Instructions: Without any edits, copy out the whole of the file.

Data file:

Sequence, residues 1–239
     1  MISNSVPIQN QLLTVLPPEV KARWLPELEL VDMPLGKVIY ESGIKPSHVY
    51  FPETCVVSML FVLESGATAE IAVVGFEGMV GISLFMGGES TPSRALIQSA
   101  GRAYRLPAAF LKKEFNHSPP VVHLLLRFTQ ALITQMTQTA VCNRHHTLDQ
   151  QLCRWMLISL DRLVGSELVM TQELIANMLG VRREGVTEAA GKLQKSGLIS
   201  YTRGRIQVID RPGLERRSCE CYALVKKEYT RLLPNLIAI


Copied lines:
Sequence, residues 1–239
     1  MISNSVPIQN QLLTVLPPEV KARWLPELEL VDMPLGKVIY ESGIKPSHVY
    51  FPETCVVSML FVLESGATAE IAVVGFEGMV GISLFMGGES TPSRALIQSA
   101  GRAYRLPAAF LKKEFNHSPP VVHLLLRFTQ ALITQMTQTA VCNRHHTLDQ
   151  QLCRWMLISL DRLVGSELVM TQELIANMLG VRREGVTEAA GKLQKSGLIS
   201  YTRGRIQVID RPGLERRSCE CYALVKKEYT RLLPNLIAI